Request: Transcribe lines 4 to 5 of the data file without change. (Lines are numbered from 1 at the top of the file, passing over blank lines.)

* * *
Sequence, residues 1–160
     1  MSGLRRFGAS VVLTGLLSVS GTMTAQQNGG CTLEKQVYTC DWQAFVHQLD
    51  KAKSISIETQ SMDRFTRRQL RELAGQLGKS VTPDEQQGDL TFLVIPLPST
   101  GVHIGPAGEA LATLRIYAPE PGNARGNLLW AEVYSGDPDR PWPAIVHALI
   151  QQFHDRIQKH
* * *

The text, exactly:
   101  GVHIGPAGEA LATLRIYAPE PGNARGNLLW AEVYSGDPDR PWPAIVHALI
   151  QQFHDRIQKH